Johnson, VT, March, 2017
I watch two girls outside my window
gliding on the frozen banks
of the Gihon River, their laughter
carried by the crisp air
of late winter. It’s Spring technically
but it’s hard to tell with the piles of snow
barely melting from rooftops. I see one girl
then the other run & let their feet slide them
across the water’s glossy edge. I hold my breath.
This could be us but we’ve confined ourselves
to white-walled rooms, to make art
that we’ll send back to our homes
in the cities & deserts we come from, where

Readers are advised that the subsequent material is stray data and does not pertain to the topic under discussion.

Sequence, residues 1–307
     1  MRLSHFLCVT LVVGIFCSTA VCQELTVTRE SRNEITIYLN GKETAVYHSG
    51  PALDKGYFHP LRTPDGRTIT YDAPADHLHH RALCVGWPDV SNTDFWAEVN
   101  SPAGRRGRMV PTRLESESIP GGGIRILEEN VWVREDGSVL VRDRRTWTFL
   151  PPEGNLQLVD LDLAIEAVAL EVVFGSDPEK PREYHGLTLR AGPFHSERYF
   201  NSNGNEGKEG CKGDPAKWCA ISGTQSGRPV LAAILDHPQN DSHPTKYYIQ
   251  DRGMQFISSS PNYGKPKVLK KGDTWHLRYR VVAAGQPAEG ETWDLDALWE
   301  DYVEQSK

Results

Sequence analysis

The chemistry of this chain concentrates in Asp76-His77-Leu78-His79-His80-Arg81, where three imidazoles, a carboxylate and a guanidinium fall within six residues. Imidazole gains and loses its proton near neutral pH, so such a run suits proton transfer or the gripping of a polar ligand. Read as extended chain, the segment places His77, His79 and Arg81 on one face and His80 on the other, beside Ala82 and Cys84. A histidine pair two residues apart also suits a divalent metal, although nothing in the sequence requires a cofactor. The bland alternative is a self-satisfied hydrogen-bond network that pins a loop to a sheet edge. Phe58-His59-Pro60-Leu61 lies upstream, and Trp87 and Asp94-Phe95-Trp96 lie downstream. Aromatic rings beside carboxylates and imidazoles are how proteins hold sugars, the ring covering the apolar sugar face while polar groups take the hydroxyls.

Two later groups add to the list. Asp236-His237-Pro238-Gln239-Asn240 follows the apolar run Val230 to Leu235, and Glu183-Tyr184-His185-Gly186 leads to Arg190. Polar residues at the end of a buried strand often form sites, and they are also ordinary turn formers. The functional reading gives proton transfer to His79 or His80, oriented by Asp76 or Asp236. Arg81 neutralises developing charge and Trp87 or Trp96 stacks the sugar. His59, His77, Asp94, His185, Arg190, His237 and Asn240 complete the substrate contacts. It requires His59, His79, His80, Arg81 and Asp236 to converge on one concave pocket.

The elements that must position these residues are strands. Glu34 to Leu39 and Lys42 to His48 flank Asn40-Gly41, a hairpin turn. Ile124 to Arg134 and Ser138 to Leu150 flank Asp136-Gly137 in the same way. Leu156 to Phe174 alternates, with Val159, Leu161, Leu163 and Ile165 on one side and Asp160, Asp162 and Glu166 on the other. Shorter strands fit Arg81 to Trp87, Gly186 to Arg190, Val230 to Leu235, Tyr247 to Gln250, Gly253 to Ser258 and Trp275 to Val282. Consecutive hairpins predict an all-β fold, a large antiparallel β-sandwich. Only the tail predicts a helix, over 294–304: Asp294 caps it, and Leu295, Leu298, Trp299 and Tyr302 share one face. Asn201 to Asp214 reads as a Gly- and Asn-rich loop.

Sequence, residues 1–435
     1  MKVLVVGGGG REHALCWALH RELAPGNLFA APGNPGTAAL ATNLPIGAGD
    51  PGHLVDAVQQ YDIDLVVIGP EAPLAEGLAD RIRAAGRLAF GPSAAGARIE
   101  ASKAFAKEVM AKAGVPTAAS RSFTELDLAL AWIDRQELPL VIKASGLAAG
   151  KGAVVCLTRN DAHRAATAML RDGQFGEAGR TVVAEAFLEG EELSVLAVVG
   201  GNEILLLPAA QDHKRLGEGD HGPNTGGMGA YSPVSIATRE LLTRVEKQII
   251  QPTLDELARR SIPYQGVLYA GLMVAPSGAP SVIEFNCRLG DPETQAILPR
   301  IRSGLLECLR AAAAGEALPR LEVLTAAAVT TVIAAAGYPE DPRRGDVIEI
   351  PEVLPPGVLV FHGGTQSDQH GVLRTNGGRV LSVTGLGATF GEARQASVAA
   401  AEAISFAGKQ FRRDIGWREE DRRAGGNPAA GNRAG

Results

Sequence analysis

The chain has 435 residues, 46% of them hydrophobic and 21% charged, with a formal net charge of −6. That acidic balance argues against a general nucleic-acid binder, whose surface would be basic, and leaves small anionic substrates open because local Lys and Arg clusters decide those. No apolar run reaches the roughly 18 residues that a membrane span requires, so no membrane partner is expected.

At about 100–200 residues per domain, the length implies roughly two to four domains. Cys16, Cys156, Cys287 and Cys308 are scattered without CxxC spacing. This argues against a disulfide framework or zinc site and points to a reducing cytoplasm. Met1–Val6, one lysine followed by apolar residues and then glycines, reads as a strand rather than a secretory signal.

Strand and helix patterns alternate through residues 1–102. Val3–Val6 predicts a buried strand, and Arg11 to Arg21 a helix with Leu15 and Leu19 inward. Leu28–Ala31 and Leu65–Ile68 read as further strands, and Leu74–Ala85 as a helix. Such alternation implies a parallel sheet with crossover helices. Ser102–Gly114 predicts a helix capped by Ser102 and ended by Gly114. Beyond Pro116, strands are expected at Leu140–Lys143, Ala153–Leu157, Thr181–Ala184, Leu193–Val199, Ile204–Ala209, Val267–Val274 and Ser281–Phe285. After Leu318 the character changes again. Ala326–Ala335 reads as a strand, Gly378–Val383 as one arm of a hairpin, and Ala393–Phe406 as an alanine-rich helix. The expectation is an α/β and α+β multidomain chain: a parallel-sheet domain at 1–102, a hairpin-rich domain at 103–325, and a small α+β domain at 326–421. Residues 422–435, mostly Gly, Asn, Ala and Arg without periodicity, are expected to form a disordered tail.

it’s more Spring than here, where the streets crowded
with beautifully sad traffic & people are more familiar
to our eyes than the moss that grows in patches
visible under the snow. Eventually, we’ll leave behind
the things we’ve made—the photograph
taken near the covered bridge on School Street, this poem,
my portrait you’ve painted these past few days
—because in the end we lose everything
we love, covered over by a new green.
Eloisa Amezcua is an Arizona native. Her debut collection, From the Inside Quietly, is the inaugural winner of the Shelterbelt Poetry Prize selected by Ada Limón. She is the founder and editor of The Shallow Ends: A Journal of Poetry.